Monday, April 11, 2011

A Day in Beaumont

Since I have written here, from time to time, of my admiration for the quality of the reincarnation of the Twilight Zone series in the mid–1980s, it seems only right and fair that I should mention the 1985–1986 season finale, which aired on this night 25 years ago.

Call it equal time.

Two episodes aired during that hour that night. Neither was particularly good — and, frankly, I was disappointed. The quality of the episodes, as I have mentioned frequently in the past year (which is the 25th anniversary of the first season of the series remake), was often equal to the original — in my opinion, anyway — and I was really expecting something special from the season finale.

But the episodes that were shown 25 years ago tonight definitely were not worthy of the original.

Picking apart either one would be sufficient to prove the point, I think, so let's focus on the first episode that was aired on April 11, 1986.

To be candid, it started in a very Twilight Zone–esque fashion. A young couple had stopped along a lonely desert road outside a fictional town called Beaumont on "Wednesday 1955" (honest, that's all the audience was told) to fix a flat when they saw a flying saucer making its way across the sky. It disappeared behind a small hill.

The couple investigated and found a spaceship on the other side of the hill — with alien beings coming and going. Frightened by what they had witnessed, the couple made a mad dash for their car and barely escaped the aliens.

The two decided to find the local sheriff and tell him what they had seen, but the sheriff was skeptical. He told them there had been reports of a legitimate crash in that area, and he offered to go back with them to see it. When they arrived, Air Force personnel were on the scene, and wreckage could be seen strewn along the hillside.

A major who appeared to be well acquainted with the sheriff greeted them and explained what had happened. After he walked off with the sheriff, an officer offered to show the couple something, but they begged off and made their way back to the car. Behind them, the officer asked the major if he should radio ahead, but the major replied that the couple weren't going anywhere.

Sounds ominous, doesn't it?

Well, if the story sounds good up to this point — and, I'll confess, I was still intrigued when the show took its first commercial break of the evening — but it rapidly went downhill from there, and I'm sure it would be even worse for today's audiences.

For openers, after coming back from the commercial, the episode picked up with the couple stopping along that lonely road in the desert to use a pay phone that just happened to be out there in the middle of nowhere. Very convenient.

(Remember, cell phones were still part of the distant future in 1986 — let alone 1955.)

After that, the story began to resemble something like "The Stepford Wives" (name your preferred version) or "Invasion of the Body Snatchers" (again, pick your version). The couple split, with the man seeking help from the newspaper's editor and the woman trying to radio for outside help at her uncle's place.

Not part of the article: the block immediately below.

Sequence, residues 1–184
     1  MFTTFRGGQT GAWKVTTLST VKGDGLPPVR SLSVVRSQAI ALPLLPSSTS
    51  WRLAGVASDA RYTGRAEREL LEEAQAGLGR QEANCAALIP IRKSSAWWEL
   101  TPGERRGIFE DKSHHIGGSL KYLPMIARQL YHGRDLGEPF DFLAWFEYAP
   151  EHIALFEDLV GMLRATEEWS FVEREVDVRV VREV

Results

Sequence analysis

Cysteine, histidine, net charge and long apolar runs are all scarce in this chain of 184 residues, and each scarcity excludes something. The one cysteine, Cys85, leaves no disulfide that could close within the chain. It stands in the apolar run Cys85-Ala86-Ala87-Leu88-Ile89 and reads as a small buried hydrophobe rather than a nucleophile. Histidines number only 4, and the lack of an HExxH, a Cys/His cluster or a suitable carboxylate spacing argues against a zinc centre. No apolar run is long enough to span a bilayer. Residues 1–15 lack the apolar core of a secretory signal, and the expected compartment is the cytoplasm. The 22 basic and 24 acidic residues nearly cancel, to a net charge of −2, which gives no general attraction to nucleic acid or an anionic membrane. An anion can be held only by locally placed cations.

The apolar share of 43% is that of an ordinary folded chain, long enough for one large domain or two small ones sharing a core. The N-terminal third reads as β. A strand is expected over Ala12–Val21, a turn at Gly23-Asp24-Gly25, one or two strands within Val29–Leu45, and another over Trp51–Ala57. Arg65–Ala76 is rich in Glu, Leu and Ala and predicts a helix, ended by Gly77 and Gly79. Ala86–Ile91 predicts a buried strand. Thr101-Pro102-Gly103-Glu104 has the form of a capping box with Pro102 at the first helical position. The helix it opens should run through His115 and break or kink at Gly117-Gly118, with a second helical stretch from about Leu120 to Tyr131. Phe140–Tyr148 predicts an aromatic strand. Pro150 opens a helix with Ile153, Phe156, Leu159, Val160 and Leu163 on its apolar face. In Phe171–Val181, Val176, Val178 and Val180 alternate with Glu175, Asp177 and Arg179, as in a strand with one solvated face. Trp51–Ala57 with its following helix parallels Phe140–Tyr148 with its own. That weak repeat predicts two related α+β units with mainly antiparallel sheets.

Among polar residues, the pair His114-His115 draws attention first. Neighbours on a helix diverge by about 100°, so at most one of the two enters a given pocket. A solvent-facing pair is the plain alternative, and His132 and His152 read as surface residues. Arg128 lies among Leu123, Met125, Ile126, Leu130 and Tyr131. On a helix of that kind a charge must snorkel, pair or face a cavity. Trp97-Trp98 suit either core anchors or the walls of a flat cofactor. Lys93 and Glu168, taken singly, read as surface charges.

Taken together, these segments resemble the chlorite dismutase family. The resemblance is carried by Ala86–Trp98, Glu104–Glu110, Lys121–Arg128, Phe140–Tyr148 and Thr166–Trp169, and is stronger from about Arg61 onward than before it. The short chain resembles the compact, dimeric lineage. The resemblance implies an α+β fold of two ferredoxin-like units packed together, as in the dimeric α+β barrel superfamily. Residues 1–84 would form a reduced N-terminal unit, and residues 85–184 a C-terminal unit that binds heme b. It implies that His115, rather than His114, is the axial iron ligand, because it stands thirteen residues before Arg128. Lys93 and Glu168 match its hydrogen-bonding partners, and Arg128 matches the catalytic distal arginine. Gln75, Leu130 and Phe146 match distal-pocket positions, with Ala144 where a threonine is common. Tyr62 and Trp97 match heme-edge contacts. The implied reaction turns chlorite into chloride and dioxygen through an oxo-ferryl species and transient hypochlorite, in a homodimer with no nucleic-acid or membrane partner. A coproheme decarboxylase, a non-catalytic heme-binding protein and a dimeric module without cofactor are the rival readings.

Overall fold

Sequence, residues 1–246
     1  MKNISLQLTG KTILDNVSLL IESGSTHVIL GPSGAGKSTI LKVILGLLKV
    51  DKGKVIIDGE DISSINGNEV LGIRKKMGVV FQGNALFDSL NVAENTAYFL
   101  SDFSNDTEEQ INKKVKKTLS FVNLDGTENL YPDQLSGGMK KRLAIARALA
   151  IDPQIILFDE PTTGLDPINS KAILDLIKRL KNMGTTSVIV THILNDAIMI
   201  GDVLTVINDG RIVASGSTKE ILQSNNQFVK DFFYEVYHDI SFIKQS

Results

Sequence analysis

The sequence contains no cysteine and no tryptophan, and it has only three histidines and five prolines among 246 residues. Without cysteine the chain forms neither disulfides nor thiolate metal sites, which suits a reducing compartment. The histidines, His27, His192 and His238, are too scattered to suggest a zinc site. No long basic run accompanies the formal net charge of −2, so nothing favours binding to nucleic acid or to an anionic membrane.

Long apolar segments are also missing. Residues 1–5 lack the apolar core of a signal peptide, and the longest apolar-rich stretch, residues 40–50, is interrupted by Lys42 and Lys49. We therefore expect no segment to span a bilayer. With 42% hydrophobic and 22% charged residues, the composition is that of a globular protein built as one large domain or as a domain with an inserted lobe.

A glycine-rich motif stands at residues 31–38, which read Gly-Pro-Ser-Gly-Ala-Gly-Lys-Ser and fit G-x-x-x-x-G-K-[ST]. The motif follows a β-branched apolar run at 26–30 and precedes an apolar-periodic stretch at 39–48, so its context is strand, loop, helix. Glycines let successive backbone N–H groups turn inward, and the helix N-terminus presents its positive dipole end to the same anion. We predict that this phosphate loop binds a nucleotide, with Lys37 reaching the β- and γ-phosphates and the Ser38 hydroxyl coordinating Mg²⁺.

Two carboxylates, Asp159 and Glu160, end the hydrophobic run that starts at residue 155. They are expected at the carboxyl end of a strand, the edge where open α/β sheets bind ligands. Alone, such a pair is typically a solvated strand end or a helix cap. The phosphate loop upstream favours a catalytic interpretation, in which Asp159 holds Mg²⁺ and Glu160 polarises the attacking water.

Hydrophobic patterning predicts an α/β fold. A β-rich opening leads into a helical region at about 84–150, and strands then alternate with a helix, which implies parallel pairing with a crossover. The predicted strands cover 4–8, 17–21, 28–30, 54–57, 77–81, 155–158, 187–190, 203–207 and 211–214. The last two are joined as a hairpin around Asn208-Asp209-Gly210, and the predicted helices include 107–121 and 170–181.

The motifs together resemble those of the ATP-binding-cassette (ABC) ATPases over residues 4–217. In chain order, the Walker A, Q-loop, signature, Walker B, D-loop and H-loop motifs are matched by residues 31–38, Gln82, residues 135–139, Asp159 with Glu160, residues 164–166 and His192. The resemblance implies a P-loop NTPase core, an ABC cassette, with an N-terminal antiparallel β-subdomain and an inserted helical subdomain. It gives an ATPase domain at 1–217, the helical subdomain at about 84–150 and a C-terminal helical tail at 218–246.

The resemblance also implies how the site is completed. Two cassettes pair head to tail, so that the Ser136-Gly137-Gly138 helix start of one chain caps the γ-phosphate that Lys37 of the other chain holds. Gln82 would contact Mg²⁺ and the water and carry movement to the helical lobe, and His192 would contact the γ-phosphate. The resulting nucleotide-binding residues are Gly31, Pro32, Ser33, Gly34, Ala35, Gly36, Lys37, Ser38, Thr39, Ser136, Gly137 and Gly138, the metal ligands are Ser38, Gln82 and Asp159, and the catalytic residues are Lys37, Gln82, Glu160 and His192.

But neither got what they were looking for. The man saw abnormalities in people's hands (to be honest, I never saw what he supposedly saw), and the woman insisted that her uncle wasn't her uncle, anymore. "He's one of them!"

(Maybe I am, too ...)

They jumped in their car and tried to make their getaway, but a spaceship began following them and fired lethal rays at them — strangely enough, though, while the spaceship could travel however many millions or billions of miles through space it had come, it could not hit a 1955 station wagon with a death ray from what would have to be considered close range.

Then, just as implausibly, the ship sucked the car up through the air, and the couple found themselves inside the ship — which they disovered was being piloted by three of the skeptics they had encountered in Beaumont. Turned out everyone in town was an alien — even the young woman.

If you've seen any one of several visitors–from–outer–space flicks that were made in the 1950s, 1960s or 1970s, you're sure to experience a sense of deja vu if you watch this episode today.

And that, I thought, made it kind of anticlimactic.

You might recognize the actor who played the young man. He is Victor Garber, who has had roles in a few popular movies (i.e., "Sleepless in Seattle" and "Titanic"), but, mostly, he's been a guest star on several TV shows.

He received a couple of awards for his work in the series Alias.

And a few of the other cast members might look familiar, but none would be terribly noteworthy.

The original Twilight Zone dabbled in some science fiction stories as well. The town in the story that aired 25 years ago tonight took its name from a fellow named Charles Beaumont, who wrote several episodes for the original series, including some that, in hindsight, might have inspired this episode — at least, in some ways.

Tragically, Beaumont died long before the second Twilight Zone series came along.

His stories were often quite good, I thought. A few are even regarded as classics today. And, to be candid, some were not so good.

But even the worst was better than "A Day in Beaumont."